Some notes on the illustrations: I draft seam lines. We’ll make that well-fitting pattern in this chapter. If you have your Moulage drafted. I will be using the Moulage illustrations. The Moulage is a tight-fitting draft. So.PATTERN WORK:
I recently read an article in a magazine about making a strapless garment. from the waist).and cutting lines onto the fabric. For those not familiar with the Moulage. you are ahead of the game here. and then add the seam allowances by using a dual tracing wheel and carbon paper to transfer the seam. not cutting lines. if you don’t have a moulage. and extends from the neck to the full-hip (about 10 inches.” Sage advice. So. and its lettering. it is the foundation of the pattern drafting system I learned from my teacher. don’t despair! You have a different figure!
. or 25cm.
High heels change the tilt of the pelvis.Measuring for the strapless draft:
The phrase “no wearing ease” is the operative phrase here. You want the exact shape of the bust so you can take proper measurements. I ask the subject to wear her evening style bra to the measuring. it has to fit your figure exactly.
This is Jennifer. you want to measure and fit the subject in the shoe heel height she will be wearing with the garment. When I measure for a strapless garment. whenever possible. but to begin. Isn’t she beautiful? This is the bustier I made for Jennifer. When making a strapless garment. Her bust placement. so my instructions are based on that assumption.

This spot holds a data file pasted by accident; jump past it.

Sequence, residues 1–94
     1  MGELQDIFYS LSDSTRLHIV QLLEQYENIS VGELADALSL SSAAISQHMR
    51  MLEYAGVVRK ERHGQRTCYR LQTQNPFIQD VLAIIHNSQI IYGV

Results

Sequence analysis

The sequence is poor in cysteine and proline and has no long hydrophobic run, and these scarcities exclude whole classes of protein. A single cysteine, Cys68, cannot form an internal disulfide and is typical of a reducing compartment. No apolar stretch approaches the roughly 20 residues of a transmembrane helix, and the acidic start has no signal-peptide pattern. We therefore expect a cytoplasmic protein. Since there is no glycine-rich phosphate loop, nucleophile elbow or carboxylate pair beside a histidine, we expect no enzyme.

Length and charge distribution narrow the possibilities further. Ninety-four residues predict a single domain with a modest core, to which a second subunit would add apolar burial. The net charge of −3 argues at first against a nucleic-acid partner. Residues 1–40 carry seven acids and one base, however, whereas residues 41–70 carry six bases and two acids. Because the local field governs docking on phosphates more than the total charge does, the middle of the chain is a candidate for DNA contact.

. from cutting to completion. so you could get a sense of what an actual garment looks like as it is taking shape. and also to the muslin fitting. Later. you want the desired shape of the bust to get the line right. you will build the garment so she doesn’t have to wear foundations. and fit to that. which changes the tilt of the waist. I’m assuming that you have your moulage already. and heel height were determined at the outset. She is the customer who remarked that she could play volleyball in my strapless dress. You need to know this when establishing the actual waist. I photographed this bustier all the way through the process. Also. and the result is an outfit that fits her exactly.